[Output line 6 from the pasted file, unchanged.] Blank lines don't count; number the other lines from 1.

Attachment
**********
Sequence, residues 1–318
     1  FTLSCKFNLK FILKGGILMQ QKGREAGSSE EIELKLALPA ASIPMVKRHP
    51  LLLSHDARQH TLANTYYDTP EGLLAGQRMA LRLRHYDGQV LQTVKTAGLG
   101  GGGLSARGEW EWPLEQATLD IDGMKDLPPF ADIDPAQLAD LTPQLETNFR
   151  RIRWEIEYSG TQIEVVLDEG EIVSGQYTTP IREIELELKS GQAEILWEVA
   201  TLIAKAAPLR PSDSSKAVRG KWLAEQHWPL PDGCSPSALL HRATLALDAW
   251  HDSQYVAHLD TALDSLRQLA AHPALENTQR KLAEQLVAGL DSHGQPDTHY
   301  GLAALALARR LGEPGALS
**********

   201  TLIAKAAPLR PSDSSKAVRG KWLAEQHWPL PDGCSPSALL HRATLALDAW